Thanks to Ron Kita for forwarding this press release from the University of Illinois.
Below is an excerpt. Full article available here:
Wigner Crystal Discovered in ‘Magic-angle’ Graphene
Tue, 09/25/2018 – 1:39pm
by Siv Schwink, University of Illinois
Recently, a team of scientists led by Pablo Jarillo-Herrero at the Massachusetts Institute of Technology (MIT) created a huge stir in the field of condensed matter physics when they showed that two sheets of graphene twisted at specific angles — dubbed “magic-angle” graphene — display two emergent phases of matter not observed in single sheets of graphene.
Graphene is a honeycomb lattice of carbon atoms — it’s essentially a one-atom-thick layer of graphite, the dark, flaky material in pencils.
In two articles published online in March 2018 and appearing in the April 5, 2018 issue of the journal Nature, the team reported the twisted bilayer graphene (tBLG) exhibits an unconventional superconducting phase, akin to what is seen in high-temperature superconducting cuprates.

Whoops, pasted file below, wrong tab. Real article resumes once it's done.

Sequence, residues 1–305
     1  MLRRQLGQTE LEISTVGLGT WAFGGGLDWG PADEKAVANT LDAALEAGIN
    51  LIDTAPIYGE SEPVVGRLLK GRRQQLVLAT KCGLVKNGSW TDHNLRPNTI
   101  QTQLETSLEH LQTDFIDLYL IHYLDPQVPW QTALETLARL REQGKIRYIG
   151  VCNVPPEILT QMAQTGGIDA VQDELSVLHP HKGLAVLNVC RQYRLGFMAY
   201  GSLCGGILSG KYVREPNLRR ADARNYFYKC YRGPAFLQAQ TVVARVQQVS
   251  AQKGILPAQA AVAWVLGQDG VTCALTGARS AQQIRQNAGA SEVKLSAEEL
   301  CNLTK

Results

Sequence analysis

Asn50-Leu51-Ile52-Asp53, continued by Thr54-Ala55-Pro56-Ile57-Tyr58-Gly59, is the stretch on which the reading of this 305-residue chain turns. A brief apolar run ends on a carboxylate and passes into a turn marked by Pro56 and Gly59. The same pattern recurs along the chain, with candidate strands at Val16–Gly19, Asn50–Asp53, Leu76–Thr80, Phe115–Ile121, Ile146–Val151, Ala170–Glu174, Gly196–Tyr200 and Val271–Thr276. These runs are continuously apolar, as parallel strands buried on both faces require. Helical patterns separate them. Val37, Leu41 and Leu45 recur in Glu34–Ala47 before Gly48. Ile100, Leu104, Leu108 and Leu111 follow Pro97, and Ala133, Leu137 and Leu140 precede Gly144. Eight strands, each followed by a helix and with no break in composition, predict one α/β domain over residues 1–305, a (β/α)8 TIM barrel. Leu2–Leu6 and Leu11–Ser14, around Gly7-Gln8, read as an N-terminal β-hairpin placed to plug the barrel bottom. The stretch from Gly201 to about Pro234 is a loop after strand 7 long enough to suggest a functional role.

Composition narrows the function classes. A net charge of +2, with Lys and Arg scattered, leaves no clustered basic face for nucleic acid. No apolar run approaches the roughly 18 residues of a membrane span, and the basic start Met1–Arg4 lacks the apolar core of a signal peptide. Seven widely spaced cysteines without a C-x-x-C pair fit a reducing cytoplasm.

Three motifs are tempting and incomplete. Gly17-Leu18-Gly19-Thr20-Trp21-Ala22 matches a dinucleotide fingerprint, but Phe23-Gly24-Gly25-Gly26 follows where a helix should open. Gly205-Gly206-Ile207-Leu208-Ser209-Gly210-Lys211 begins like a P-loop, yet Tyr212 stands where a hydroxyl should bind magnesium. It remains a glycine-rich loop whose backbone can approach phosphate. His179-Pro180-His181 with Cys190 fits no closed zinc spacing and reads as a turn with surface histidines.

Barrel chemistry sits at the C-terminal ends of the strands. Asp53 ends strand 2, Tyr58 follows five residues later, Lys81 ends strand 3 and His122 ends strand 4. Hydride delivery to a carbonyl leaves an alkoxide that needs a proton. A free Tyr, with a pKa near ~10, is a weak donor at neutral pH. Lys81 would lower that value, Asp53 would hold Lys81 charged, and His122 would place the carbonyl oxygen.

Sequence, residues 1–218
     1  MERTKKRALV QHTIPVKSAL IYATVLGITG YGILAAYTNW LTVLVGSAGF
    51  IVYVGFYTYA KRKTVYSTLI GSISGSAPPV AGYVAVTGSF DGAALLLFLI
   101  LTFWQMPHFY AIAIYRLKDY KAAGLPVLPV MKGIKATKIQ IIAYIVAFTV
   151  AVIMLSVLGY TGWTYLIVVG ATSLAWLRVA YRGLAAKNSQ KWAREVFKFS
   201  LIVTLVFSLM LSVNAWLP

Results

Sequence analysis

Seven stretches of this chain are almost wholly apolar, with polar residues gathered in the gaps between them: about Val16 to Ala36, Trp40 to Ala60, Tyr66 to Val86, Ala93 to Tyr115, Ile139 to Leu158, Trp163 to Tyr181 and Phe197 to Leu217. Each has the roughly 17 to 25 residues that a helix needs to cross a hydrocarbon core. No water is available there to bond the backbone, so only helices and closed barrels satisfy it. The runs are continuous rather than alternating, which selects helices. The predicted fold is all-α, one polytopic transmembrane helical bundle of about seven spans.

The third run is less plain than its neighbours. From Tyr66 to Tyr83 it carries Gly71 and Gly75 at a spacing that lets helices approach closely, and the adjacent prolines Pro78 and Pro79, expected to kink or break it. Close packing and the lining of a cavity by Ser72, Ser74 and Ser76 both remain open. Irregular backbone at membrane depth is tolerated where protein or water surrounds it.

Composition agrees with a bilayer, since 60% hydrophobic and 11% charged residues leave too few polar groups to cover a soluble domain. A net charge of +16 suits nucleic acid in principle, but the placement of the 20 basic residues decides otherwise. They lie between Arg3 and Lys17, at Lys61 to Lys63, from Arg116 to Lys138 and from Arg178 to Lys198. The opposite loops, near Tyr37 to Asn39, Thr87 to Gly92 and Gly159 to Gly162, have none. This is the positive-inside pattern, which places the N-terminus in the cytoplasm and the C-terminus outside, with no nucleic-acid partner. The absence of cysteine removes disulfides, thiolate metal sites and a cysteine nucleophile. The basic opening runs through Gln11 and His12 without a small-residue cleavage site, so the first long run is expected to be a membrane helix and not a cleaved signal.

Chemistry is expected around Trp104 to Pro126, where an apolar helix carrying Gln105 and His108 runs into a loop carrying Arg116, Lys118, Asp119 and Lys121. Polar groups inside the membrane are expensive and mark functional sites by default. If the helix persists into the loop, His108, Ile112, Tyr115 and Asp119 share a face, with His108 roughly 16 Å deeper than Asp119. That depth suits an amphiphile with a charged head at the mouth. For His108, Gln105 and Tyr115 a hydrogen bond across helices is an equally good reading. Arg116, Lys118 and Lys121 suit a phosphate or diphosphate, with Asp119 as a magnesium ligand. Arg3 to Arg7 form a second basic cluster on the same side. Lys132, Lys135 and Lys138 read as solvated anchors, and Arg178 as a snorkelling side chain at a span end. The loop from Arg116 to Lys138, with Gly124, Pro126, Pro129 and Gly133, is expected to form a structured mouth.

This phase is obtained by doping (injecting electrons into) an insulating state, which the MIT group interpreted as an example of Mott insulation. A joint team of scientists at UCSB and Columbia University has reproduced the remarkable MIT results.
The discovery holds promise for the eventual development of room-temperature superconductors and a host of other equally groundbreaking applications.